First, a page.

I mention this scene because, aside from the living dinosaurs and the weird knot physics, there’s a fundamental truth in that moment: Sometimes if you surround yourself with enough terrible things, they will just cancel each other out. Fate, it seems, has a soft spot for the stupid and reckless. For proof, look no further than everyday life; some of the cultural habits and irritating trends that should, in all respects, spell doom for our species are miraculously saving lives instead. So rather than rolling our eyes when a fad like Crocs, or Sexy Vampire Stories, or Bro-Step music fight for attention in our collective conscious, let’s try to look on the bright side and determine how each of them might accidentally be protecting humanity from becoming the next fossil fuel.
Toward the end of Bush’s second term and all through Obama’s, America (and the world) has been in economic decline. People like to point to various statistics on growth, employment, and inflation, but ultimately, all those amount to nebulous ink blot tests, sending ever-changing (and sometimes conflicting) signals. More telling than any graph or testimony from the Fed are the economic indicators we see every day, which tell us that nothing has gotten any better for about five years.
I’m so tempted to spoil the ending for this one. … Screw it! I’ll quote the final sentence with almost no context. (hey, you’ll probably guess it anyway)
In any event, you’ll know that the economy’s actually getting better when everyday Americans start dumping on the poor again.
For the record, I didn’t make this. I’m just sharing. Not that I didn’t think you’d guess.
It seems that most of my pages are about things I found on Cracked.
Why stop when I’m on a roll?
Off the top of your head, how many of your friends can you think of make less than $11,000 a year? Maybe they work some mind-numbing part-time job, taking cover charges and stamping hands at a strip club. Or if you’re a bit older, how many families do you know of who have one person working, bringing in less than $23,000 to support a spouse and a couple of kids? There’s nothing wrong with either of those things … but those numbers are the poverty threshold in the U.S., and in my area of the country, it encompasses a fudging poopload of people (sorry, I’m trying to cut down on my cursing).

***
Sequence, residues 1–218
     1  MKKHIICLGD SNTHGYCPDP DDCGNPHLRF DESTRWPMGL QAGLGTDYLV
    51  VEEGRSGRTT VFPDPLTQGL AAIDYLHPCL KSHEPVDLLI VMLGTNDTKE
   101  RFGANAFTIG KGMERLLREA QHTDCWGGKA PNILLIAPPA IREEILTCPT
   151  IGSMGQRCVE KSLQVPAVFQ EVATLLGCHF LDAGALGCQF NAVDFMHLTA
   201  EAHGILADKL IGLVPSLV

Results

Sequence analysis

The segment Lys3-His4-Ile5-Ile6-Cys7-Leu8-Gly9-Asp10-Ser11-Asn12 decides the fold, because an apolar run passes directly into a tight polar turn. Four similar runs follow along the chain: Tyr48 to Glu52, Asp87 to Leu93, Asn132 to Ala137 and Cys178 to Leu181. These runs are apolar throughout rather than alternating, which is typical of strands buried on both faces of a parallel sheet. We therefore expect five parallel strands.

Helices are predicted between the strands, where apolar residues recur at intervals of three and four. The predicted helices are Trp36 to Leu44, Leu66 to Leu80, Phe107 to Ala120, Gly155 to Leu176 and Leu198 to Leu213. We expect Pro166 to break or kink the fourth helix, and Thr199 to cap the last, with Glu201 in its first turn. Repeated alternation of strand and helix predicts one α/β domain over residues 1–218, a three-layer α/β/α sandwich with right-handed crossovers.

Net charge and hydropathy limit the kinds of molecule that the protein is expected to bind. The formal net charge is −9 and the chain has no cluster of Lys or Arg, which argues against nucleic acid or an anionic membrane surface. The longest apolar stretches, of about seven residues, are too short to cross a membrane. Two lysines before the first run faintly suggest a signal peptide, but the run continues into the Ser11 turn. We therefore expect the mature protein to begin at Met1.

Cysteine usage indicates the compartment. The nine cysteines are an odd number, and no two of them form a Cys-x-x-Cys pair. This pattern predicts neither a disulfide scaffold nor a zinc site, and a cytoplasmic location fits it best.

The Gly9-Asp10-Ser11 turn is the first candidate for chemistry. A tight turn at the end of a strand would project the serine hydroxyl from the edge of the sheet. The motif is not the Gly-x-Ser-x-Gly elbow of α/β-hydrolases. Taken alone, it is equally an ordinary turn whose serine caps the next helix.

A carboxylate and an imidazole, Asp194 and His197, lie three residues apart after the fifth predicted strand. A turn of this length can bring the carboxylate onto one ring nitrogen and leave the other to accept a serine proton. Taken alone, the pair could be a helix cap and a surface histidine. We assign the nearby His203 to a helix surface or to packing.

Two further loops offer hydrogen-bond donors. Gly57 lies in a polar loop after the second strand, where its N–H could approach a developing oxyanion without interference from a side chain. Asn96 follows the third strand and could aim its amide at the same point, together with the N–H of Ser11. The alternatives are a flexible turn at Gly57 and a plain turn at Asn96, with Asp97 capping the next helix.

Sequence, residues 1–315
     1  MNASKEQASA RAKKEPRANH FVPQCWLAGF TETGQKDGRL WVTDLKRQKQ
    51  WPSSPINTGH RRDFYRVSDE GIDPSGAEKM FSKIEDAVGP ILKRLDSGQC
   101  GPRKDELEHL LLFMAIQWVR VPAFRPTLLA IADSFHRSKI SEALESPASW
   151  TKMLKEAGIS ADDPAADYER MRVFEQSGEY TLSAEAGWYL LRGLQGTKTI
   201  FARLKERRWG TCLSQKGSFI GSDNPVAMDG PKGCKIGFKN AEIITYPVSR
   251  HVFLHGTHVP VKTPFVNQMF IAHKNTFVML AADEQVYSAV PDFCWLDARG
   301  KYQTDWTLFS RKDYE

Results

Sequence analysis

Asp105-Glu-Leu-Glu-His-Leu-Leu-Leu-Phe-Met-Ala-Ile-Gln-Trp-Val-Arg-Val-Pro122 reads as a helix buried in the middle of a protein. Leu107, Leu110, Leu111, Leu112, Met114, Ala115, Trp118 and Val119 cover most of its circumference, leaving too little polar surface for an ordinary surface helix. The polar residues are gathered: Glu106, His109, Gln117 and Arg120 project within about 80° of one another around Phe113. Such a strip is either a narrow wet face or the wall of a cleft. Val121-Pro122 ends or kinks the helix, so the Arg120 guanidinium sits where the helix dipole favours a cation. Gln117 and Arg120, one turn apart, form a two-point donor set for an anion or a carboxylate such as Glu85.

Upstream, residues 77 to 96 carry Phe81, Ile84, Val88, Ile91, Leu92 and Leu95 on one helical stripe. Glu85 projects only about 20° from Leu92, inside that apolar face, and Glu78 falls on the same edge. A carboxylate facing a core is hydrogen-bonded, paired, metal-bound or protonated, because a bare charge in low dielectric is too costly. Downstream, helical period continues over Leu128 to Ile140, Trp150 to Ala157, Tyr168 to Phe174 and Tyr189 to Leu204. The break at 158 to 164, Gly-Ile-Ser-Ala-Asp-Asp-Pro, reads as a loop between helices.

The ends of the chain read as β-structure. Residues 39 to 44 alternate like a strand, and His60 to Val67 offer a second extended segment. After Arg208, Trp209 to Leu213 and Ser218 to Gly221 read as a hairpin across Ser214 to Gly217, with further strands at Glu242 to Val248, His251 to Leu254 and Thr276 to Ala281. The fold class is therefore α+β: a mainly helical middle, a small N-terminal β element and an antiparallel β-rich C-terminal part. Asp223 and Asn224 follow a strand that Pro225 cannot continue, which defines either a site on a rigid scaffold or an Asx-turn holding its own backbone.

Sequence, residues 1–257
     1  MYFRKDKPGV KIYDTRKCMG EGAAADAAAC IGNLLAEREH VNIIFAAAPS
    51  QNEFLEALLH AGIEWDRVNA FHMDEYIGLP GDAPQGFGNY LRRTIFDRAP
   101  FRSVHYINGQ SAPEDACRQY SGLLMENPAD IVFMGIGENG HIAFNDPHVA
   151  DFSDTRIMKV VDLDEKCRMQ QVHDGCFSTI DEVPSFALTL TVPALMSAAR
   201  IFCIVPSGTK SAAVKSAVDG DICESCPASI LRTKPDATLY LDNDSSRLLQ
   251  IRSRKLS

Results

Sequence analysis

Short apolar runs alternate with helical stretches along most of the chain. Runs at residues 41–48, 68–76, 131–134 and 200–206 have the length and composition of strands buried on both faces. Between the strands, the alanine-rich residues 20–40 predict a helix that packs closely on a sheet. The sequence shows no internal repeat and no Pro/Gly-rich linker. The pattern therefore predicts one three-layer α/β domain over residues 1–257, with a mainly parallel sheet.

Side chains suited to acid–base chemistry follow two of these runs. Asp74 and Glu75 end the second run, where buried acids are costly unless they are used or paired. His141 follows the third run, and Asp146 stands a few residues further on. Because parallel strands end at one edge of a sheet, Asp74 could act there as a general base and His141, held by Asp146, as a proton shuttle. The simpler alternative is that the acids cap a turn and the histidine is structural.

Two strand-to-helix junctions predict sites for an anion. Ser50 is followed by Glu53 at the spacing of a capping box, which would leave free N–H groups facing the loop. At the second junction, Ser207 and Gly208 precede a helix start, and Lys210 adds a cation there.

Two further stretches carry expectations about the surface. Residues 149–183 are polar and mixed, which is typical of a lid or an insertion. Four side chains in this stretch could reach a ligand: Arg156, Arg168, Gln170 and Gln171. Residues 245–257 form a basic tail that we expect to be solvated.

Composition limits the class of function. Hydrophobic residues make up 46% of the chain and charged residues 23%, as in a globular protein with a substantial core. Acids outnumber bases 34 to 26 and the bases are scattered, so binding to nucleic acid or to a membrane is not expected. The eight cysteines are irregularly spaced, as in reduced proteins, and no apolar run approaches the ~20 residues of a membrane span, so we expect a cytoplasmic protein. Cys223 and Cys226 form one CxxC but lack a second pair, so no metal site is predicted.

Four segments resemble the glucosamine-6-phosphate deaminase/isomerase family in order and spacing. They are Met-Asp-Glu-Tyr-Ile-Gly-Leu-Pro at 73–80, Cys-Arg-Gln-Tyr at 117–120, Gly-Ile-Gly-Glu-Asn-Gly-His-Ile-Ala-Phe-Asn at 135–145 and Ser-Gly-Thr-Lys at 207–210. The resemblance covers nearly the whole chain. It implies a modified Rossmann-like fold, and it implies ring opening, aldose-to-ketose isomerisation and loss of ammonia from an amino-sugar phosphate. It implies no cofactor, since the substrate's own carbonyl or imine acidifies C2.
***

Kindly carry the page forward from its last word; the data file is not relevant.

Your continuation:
Poverty is a hot topic for politicians, but it seems like every time they open their mouths about the subject, stupid falls out. There’s a huge part of me that wants to grab them by their orphan skin lapels and scream reason into their preciously oblivious brains, but the logical side of me knows it won’t matter. There are some things they will just never understand. Things like …
America hasn’t declared war for over 70 years because, politically speaking, it’s actually easier to send a quarter million troops into a country than it is to declare war against it. Which is why it’s strange that someone at Fox News declares a new war every 11 seconds. They use that word so desperately and often that if you taught a child that “war” meant “HELP!” he would produce perfect Fox News copy every time you dropped him in a well. Here are some of the greatest military campaigns ever fought by this fair and balanced army.
Seanbaby is one of Cracked’s most unsafe for work columnists. But if you don’t mind that, he does a good job at spelling out how Fox News is hopelessly dependent on agitprop. Yeah, fish in a barrel, I know, I know.
As usual for any writing critical of Fox News, this has plenty of idiots in the comments talking about “liberal bias.” Its a perfectly fair complaint, since that is the only possible motive for poking fun at sensationalism in a media organization. /sarc